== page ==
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Classroom Technology Opinion

How Tech Tools Can Engage Foreign Language Students

By Adam Ross — May 07, 2019 5 min read

Editor’s Note: The SAMR model can be used to integrate technology tools into foreign-language classrooms to more deeply engage students, says Adam Ross, Chinese content and technology specialist, Chinese American International School in San Franciso. For more information and examples, see also the new brief from the Chinese Early Language and Immersion Network entitled, Learning Chinese in the Digital Age.

Tech-savvy foreign-language educators and coaches are often surprised to hear how many colleagues are hesitant to use tech tools in their foreign-language teaching. Teachers lament that they don’t have experience using these tools, worry that things may go wrong, or that they do not really know where to begin.

We are now nearly two full decades into the 21st century, and our students have grown up their entire lives with tech tools at their disposal. They are not all “digital natives,” and we cannot assume they all have knowledge of how to use technology effectively. Instead, as 21st-century educators, we need to meet our students halfway to use tech for learning.

To assist with this goal, there is a model to help those feeling “tech unsavvy” to not only get started but also to be smart about it, or “SAMRT,” if you will. We will use the SAMR model, which was created by Dr. Ruben Puentedura to help teachers evaluate how well they are incorporating technology into students’ learning activities. SAMR stands for “Substitution, Augmentation, Modification, and Redefinition,” and these four stages of using tech tools can be seen as gradual steps moving toward more robust and transformative uses of tech.

To understand how to use the model, let’s examine a simple example where a teacher asks a question in the target language and considers ways that technology can go beyond that basic task to more deeply engage the student by moving along the SAMR continuum.

SAMR Example

In a novice-level class, a teacher asks students to partner and talk about a food that they like and why they like it. The teacher monitors students’ performance by wandering around the classroom, employing the SAMR approach.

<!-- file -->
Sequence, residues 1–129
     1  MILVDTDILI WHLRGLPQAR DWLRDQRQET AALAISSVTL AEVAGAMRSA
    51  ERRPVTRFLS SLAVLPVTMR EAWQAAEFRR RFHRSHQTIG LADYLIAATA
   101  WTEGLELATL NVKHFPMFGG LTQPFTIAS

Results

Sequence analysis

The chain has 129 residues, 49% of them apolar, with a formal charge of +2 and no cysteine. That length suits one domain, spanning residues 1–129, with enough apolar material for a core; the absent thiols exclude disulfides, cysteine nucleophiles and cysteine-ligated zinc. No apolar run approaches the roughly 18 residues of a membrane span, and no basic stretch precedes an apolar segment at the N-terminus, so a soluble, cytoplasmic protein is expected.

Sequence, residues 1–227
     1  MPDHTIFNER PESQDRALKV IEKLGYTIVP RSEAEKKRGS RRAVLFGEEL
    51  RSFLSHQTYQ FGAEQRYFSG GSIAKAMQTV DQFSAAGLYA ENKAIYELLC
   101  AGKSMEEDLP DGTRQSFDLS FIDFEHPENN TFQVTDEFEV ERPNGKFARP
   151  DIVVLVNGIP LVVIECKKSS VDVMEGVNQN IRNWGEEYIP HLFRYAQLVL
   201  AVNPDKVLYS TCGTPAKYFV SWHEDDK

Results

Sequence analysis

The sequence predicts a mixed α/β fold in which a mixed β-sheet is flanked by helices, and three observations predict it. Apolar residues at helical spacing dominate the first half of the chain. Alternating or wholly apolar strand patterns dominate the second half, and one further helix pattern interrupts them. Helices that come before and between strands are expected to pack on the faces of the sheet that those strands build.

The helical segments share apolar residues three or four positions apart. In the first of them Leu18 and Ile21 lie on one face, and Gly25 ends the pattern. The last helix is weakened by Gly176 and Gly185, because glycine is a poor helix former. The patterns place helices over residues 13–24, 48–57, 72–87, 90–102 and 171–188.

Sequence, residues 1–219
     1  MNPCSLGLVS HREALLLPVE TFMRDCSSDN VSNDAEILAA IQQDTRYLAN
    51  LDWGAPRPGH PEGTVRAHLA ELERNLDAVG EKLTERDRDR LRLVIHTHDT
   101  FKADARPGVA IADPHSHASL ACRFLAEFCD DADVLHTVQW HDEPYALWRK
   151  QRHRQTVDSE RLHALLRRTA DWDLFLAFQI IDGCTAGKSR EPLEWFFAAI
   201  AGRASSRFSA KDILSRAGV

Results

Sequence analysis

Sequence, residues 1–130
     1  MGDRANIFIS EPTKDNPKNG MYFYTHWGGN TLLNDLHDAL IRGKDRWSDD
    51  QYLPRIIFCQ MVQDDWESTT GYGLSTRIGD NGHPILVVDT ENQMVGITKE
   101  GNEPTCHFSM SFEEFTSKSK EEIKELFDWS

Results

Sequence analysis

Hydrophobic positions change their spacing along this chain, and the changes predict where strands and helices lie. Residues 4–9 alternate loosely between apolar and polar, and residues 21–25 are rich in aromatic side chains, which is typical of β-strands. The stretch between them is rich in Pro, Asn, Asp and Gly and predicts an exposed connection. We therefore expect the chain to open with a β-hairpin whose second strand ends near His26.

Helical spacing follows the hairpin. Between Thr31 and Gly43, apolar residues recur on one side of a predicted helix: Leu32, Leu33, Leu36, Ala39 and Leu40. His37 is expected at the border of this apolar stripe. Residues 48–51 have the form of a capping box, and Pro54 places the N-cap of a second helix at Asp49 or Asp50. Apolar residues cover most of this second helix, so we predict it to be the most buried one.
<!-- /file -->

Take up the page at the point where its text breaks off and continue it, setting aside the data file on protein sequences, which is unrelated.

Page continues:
1. Substitution
    This is when technology can be used as a substitute for analog tools that already exist. For example, teachers might have a recorded set of questions that they play in their class. This use of audio technology substitutes for the teacher asking questions but does not significantly change the nature of the activity, as the students are simply responding to prompts using a recording device instead of engaging in pairs.

  2. Augmentation
    This is when the use of technology enhances the features of a pre-existing tool. In this example, the teacher could place the recorded questions online, allowing students to complete the activity at their own pace, in a location outside of the classroom, or at a different time. While there is an added level of flexibility, the basic task is still not significantly changed.

  3. Modification
    This is when a task is significantly redesigned using technology. For example, the Q&A task could be redesigned using an online tool like Flipgrid, where students could both see and hear their teacher ask the question via a recorded video and then record their own video answer to the Flipgrid page. This modification adds a deeper sense of interaction and the ability of the students to preview their answers and rerecord them if they are not satisfied with their work. Similarly, teachers can personalize feedback for each student.